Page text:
Does Protein Supplementation Support Adaptations to Arduous Concurrent Exercise Training? A Systematic Review and Meta-Analysis with Military Based Applications
journal contributionposted on 2023-07-26, 15:22 authored by Shaun Chapman, Henry Chung, Alex Rawcliffe, Rachel Izard, Lee Smith, Justin D. Roberts
We evaluated the impact of protein supplementation on adaptations to arduous concurrent training in healthy adults with potential applications to individuals undergoing military training. Peer-reviewed papers published in English meeting the population, intervention, comparison and outcome criteria were included. Database searches were completed in PubMed, Web of science and SPORTDiscus. Study quality was evaluated using the COnsensus based standards for the selection of health status measurement instruments checklist. Of 11 studies included, nine focused on performance, six on body composition and four on muscle recovery. Cohen’s d effect sizes showed that protein supplementation improved performance outcomes in response to concurrent training (ES = 0.89, 95% CI = 0.08–1.70). When analysed separately, improvements in muscle strength (SMD = +4.92 kg, 95% CI = −2.70–12.54 kg) were found, but not in aerobic endurance. Gains in fat-free mass (SMD = +0.75 kg, 95% CI = 0.44–1.06 kg) and reductions in fat-mass (SMD = −0.99, 95% CI = −1.43–0.23 kg) were greater with protein supplementation. Most studies did not report protein turnover, nitrogen balance and/or total daily protein intake. Therefore, further research is warranted. However, our findings infer that protein supplementation may support lean-mass accretion and strength gains during arduous concurrent training in physical active populations, including military recruits.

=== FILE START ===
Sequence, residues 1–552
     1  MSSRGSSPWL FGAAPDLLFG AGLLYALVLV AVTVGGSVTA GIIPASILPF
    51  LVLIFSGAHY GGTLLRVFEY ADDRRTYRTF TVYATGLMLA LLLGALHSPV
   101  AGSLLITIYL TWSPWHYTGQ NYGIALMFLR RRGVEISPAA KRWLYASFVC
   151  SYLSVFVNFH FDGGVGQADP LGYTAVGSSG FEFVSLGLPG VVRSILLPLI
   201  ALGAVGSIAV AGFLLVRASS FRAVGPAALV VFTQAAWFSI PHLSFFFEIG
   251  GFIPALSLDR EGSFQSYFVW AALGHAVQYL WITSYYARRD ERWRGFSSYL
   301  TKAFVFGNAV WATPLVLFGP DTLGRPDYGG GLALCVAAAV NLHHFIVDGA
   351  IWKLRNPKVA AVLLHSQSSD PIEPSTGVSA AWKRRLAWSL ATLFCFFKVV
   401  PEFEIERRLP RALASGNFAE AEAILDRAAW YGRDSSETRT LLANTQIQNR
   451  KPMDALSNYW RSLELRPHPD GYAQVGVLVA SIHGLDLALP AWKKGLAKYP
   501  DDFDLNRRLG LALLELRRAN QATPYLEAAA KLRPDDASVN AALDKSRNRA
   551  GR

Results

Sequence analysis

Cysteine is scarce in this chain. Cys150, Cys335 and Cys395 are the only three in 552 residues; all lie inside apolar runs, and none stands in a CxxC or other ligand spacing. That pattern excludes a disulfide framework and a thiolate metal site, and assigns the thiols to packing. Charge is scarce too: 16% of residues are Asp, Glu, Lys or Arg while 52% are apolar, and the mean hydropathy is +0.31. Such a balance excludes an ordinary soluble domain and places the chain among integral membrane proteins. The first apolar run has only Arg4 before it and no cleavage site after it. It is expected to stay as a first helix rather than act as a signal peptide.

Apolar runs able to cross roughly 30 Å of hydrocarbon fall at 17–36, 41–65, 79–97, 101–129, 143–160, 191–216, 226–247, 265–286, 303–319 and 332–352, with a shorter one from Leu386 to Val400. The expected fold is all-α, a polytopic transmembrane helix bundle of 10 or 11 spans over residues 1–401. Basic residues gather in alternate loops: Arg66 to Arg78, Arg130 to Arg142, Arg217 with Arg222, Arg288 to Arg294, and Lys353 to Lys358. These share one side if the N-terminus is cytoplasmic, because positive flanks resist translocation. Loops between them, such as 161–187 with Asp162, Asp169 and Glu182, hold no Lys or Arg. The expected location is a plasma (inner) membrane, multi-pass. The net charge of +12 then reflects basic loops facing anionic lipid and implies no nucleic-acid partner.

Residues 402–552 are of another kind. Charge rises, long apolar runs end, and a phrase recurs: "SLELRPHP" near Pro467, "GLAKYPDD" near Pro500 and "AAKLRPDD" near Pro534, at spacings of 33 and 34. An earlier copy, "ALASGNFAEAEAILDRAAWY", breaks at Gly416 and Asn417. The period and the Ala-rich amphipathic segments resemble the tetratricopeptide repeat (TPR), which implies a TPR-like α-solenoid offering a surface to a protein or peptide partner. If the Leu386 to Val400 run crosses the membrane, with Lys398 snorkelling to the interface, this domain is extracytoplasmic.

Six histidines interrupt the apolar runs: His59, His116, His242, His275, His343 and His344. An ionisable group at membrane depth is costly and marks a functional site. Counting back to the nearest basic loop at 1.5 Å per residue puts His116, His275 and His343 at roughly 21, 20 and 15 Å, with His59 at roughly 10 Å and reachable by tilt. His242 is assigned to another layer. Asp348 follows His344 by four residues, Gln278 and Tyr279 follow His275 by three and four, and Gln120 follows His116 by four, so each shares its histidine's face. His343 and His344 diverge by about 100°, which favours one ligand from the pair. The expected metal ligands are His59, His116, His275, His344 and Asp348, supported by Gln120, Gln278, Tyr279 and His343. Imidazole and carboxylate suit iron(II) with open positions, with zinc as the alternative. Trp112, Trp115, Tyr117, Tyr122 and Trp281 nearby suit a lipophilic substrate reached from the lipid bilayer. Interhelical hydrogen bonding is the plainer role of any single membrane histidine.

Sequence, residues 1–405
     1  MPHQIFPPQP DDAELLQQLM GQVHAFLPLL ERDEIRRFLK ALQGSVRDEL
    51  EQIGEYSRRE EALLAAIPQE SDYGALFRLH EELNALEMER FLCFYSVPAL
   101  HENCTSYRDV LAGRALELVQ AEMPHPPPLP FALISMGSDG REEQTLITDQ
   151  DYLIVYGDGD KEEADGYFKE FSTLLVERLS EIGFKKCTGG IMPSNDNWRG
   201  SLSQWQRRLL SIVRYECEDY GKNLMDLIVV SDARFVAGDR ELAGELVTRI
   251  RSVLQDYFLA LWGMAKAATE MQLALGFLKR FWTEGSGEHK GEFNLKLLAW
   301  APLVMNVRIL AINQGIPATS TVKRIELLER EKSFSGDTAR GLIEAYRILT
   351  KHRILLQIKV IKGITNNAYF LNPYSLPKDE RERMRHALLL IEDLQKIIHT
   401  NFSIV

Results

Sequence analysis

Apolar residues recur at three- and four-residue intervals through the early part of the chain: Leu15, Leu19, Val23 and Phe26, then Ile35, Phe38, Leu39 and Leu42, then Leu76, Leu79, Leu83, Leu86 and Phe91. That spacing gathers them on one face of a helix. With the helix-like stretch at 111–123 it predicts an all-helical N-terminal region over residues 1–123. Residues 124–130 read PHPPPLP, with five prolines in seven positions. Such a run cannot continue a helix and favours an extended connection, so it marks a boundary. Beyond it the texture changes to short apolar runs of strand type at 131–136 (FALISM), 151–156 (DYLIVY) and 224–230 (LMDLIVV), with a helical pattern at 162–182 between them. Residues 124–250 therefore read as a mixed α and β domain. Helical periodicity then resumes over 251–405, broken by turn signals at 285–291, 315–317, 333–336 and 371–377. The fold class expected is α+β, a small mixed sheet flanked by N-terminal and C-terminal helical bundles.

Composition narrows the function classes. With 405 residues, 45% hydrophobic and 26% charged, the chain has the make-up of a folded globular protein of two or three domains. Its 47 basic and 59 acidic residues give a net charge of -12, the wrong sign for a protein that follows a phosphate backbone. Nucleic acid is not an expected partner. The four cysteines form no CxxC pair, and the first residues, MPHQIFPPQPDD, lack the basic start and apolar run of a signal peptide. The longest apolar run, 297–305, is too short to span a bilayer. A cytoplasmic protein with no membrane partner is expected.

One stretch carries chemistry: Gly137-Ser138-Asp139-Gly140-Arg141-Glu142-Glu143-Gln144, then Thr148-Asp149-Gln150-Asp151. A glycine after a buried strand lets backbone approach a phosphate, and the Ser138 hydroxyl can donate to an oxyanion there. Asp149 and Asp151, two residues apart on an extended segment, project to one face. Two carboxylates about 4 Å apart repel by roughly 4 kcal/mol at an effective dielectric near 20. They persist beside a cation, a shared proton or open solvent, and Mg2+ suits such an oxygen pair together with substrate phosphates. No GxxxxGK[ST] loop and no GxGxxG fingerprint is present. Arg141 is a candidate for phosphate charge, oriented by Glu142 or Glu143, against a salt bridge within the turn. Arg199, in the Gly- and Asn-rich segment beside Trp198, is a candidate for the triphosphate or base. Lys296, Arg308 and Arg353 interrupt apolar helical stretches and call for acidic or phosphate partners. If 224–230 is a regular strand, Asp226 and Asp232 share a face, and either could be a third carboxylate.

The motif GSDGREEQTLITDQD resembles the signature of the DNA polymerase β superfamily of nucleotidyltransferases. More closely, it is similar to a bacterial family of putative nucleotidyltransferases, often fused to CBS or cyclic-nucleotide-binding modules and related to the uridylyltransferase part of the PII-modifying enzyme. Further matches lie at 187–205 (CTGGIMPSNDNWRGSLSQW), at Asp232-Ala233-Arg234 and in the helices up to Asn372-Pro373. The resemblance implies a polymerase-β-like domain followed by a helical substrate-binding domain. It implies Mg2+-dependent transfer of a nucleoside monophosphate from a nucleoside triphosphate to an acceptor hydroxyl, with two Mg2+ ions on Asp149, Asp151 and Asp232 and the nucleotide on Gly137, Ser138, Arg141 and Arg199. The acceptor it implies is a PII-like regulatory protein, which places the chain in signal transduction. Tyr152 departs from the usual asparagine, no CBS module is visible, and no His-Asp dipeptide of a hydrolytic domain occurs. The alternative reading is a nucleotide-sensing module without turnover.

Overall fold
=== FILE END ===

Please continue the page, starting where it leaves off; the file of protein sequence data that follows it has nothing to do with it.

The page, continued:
- Published version